Citizen-protectors: The Everyday Politics of Guns in an Age of Decline

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Oxford University Press, 2015 - Social Science - 227 pages
"From gang- and drug-related shootings to mass shootings in schools, shopping centers, and movie theatres, reports of gun crimes fill the headlines of newspapers and nightly news programs. At the same time, a different kind of headline has captured public attention: a steady surge in pro-gun sentiment among Americans. A Gallup poll conducted just a month after the Newtown school shootings found that 74% of Americans oppose a ban on hand-guns, and at least 11 million people now have licenses to carry concealed weapons as part of their everyday lives. Why do so many Americans not only own guns but also carry them? In Citizen-Protectors, Jennifer Carlson offers a compelling portrait of gun carriers, shedding light on Americans' complex relationship with guns. Delving headlong into the world of gun carriers, Carlson spent time participating in firearms training classes, attending pro-gun events, and carrying a firearm herself. Through these experiences she explores the role guns play in the lives of Americans who carry them and shows how, against a backdrop of economic insecurity and social instability, gun carrying becomes a means of being a good citizen, an idea that not only pervades the NRA's public literature and statements, but its training courses as well. A much-needed counterpoint to the rhetorical battles over gun control, Citizen-Protectors is a captivating and revealing look at gun culture in America, and is a must-read for anyone with a stake in this heated debate"--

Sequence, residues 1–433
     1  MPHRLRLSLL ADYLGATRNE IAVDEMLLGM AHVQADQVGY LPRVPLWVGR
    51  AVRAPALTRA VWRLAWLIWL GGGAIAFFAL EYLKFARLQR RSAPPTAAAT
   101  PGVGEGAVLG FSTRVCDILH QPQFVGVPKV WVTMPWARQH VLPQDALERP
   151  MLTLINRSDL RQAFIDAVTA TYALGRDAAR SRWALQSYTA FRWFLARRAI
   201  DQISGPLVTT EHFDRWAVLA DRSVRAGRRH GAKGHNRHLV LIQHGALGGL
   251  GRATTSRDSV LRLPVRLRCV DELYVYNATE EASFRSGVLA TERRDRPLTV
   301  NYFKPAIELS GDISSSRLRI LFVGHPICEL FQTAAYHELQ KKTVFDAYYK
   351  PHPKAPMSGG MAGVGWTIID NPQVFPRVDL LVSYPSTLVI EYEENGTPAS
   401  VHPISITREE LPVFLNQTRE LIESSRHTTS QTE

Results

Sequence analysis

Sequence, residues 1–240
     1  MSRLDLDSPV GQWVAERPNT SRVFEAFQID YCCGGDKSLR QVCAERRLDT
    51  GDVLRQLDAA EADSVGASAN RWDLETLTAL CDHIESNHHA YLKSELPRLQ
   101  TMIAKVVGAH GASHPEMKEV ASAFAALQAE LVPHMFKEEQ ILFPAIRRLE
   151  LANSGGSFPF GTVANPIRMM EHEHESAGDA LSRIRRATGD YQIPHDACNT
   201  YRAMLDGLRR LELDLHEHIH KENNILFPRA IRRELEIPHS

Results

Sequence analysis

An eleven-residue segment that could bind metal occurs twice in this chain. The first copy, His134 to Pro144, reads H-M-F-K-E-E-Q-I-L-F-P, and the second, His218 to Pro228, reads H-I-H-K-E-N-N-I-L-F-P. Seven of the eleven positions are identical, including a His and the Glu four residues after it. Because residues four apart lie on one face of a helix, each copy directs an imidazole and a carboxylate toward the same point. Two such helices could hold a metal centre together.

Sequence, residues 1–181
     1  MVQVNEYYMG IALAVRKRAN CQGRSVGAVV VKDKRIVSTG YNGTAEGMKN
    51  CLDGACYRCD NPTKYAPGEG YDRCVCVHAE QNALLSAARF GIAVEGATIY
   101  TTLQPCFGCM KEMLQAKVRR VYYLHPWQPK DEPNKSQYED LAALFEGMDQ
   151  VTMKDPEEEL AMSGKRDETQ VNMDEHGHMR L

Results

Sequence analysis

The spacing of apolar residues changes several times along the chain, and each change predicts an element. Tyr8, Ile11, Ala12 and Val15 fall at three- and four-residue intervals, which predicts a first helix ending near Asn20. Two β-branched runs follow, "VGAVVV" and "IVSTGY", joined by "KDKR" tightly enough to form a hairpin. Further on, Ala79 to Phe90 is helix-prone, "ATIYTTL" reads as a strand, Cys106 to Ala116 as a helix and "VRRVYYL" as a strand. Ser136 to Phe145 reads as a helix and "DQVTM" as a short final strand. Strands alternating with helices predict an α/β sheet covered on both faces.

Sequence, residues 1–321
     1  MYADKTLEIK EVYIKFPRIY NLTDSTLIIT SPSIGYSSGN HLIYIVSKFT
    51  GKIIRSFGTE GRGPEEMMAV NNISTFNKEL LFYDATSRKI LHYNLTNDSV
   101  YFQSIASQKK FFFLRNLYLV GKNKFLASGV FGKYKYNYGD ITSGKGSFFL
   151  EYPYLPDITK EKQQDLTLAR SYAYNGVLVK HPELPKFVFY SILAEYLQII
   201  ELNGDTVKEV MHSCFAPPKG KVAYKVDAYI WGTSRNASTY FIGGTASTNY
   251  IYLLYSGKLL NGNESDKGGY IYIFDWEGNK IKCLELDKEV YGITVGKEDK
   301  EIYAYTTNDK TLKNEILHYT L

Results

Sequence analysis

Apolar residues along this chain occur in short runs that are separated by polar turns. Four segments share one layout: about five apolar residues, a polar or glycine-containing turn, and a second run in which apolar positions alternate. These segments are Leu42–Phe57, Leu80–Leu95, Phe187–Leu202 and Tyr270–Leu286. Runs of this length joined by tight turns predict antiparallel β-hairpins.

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Contents

1 American Dreams American Nightmares
1
2 Criminal Insecurities
31
3 NRA Training and the Everyday Politics of Gun Carry
58
4 The Right to SelfDefense the Duty to Protect
85
5 Policing Guns Profiling People
114
6 Jumping the Gun
141
We Hope for Better Things It Shall Rise from the Ashes
163
Notes
179
Bibliography
199
Index
217
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About the author (2015)


Jennifer Carlson is Assistant Professor, School of Sociology and School of Government & Public Policy at the University of Arizona. Her work examines gun politics, policing and public law enforcement, the politics of race and gender, and violence.

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